Six things you need to know about software for motion design
There’s a hell of a lot more to being a motion designer than your technical ability alone. But we can’t deny that the journey does start here.
So the wait is over kids. In this post, we give you the skinny on the software you should be mastering if you’ve got your heart set on a career in motion design.
Since this is such a hot topic, there’s definitely a lot of info already out there. So, we’ve cut through the fat and asked industry directly what they’re working with, as well as their pro tips on how to get to grips with all the tools mentioned.
1. After Effects is your start point
After Effects is the motion designer’s staple. Known for its speed and flexibility, AE allows you to design and animate in 2D and 3D. And with the sheer amount of built-in and third-party plug-ins available, you’re only limited by your imagination in terms of what you can make. It’s also handy to know, that AE comes with a free, ‘light’ version of Cinema 4D, so when you’re ready, you’ll have the chance to play around with that.
After Effects allows for all sorts of integrations with other Adobe Creative Cloud (CC) applications such as Photoshop and Illustrator. You can start working on a project in Illustrator and animate it in After Effects, or design and animate from start to finish directly in AE.
There isn’t a right or wrong here, but undoubtedly the more confident you are with the CC package, the better footing you’ll have with employers – if you want a career in motion design, employers will expect you to know AE, so if you’re new to the game, make this your start point.
It's robust, diverse, expandable and quick. I can design and animate GUI in 2D/3D, create VFX for live action and composite all in the same program. I aim to make everything procedural, which is a fun challenge in AE.Motion Designer, ETC
2. There’s no one-size-fits-all when it comes to 3D
For motion design AE is non-negotiable, but for 3D specialists its partner in crime is Maxon’s Cinema 4D. This mega bit of kit is essential if you want to make 3D your niche. Its features span 3D modelling, sculpting and 3D painting.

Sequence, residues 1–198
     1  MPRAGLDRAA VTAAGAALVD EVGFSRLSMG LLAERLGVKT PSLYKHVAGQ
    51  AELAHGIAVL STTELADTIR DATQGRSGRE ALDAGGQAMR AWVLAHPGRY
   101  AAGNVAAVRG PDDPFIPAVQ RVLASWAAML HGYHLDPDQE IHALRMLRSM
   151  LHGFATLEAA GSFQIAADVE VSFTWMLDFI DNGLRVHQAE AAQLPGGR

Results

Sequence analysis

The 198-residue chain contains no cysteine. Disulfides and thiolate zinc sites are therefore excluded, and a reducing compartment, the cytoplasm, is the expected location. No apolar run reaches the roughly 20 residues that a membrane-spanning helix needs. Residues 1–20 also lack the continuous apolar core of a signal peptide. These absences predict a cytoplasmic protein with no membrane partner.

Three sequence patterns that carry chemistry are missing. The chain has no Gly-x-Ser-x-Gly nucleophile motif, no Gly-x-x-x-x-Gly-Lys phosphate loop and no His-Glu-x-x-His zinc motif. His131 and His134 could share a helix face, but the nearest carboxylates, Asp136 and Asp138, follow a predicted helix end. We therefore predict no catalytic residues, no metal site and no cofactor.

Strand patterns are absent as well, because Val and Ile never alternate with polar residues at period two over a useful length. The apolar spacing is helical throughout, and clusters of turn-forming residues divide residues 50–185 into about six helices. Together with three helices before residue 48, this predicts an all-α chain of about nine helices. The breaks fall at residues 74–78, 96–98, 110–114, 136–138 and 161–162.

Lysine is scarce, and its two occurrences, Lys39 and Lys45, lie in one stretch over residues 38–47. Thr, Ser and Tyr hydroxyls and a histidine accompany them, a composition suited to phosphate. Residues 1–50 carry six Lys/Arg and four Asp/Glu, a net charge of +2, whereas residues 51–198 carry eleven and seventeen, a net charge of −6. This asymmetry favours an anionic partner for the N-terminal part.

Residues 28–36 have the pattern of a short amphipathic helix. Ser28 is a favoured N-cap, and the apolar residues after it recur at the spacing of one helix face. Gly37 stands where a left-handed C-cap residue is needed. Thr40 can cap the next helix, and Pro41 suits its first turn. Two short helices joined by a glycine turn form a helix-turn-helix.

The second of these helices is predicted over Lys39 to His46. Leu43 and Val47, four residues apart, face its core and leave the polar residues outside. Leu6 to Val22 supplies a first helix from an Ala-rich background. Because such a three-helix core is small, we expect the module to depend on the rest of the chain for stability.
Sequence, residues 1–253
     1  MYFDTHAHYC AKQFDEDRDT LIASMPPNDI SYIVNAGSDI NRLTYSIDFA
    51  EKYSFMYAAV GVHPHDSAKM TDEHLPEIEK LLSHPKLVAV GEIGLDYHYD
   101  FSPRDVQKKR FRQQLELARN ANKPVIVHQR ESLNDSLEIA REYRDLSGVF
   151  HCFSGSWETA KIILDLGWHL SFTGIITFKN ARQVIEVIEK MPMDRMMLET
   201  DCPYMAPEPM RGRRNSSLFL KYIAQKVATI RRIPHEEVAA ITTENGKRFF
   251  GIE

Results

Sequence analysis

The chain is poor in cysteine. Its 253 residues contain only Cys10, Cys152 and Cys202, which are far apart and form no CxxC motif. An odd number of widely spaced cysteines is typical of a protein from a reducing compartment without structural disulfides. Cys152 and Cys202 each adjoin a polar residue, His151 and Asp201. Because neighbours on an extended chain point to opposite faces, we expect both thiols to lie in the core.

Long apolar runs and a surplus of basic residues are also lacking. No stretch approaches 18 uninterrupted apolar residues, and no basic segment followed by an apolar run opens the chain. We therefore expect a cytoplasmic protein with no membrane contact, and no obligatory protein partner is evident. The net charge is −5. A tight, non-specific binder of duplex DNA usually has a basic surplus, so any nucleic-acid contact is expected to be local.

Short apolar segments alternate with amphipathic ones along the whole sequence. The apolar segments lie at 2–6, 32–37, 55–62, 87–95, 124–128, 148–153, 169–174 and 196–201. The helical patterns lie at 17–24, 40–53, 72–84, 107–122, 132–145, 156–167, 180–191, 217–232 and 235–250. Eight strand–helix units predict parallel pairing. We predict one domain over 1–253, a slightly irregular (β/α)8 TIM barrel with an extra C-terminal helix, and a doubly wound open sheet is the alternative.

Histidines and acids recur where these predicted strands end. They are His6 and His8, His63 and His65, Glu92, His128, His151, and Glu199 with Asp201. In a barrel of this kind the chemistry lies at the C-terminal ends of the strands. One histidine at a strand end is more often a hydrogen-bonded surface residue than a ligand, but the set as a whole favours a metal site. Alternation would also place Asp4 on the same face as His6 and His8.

But there’s a lot more to the world of 3D. It really won’t hurt you to brush up on Maya and Houdini, and of course third-party 3D renders such as Octane, Arnold and Redshift – rendering software is just as important to the job at hand.
If VFX is your vibe, Nuke is the go-to for compositing, editing and finishing, which can also come in handy if you’re into 3D motion design.
3. Motion design meets UX & UI
These days, there’s also major overlap between motion design and UX and UI. In fact it’s become a category in its own right. There are motion designers who purely animate for interfaces. If this is a niche you want to explore, be sure to immerse yourself in Photoshop and Illustrator, but also prototyping applications like Sketch.
4. Accept that you’ll always be learning
The majority of the motion designers we spoke to said they were 100% self-taught when it came to the software they use. And that self-teaching never ends. To stay ahead of the game in this job, you need to keep your finger on the pulse in terms of software developments and the latest bit of kit that will make your work easier and better. The key here is to explore and experiment until you’ve got it nailed.
If you know what you want to make, or know what processes you need to learn to do it, you'll probably find someone who's already made a tutorial, or something relatable. That's always my start point.Motion Designer, Framestore
In short, ask the internet. Here are some of the recommended learning resources when it comes to software, both free and paid for…
- Video Copilot – High quality After Effects Video Tutorials for motion graphics and visual effects presented by Andrew Kramer
- Greyscale Gorilla – Motion design software tools and training